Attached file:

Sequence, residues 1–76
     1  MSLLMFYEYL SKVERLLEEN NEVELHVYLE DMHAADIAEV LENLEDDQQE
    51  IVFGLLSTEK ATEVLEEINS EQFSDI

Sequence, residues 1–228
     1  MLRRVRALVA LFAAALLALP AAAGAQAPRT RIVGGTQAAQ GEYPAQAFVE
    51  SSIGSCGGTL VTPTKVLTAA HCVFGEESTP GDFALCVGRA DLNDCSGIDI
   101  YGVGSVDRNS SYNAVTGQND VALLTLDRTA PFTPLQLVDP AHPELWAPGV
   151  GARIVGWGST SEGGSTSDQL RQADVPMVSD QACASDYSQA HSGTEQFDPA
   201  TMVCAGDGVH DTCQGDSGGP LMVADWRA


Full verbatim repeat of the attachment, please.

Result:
Sequence, residues 1–76
     1  MSLLMFYEYL SKVERLLEEN NEVELHVYLE DMHAADIAEV LENLEDDQQE
    51  IVFGLLSTEK ATEVLEEINS EQFSDI

Sequence, residues 1–228
     1  MLRRVRALVA LFAAALLALP AAAGAQAPRT RIVGGTQAAQ GEYPAQAFVE
    51  SSIGSCGGTL VTPTKVLTAA HCVFGEESTP GDFALCVGRA DLNDCSGIDI
   101  YGVGSVDRNS SYNAVTGQND VALLTLDRTA PFTPLQLVDP AHPELWAPGV
   151  GARIVGWGST SEGGSTSDQL RQADVPMVSD QACASDYSQA HSGTEQFDPA
   201  TMVCAGDGVH DTCQGDSGGP LMVADWRA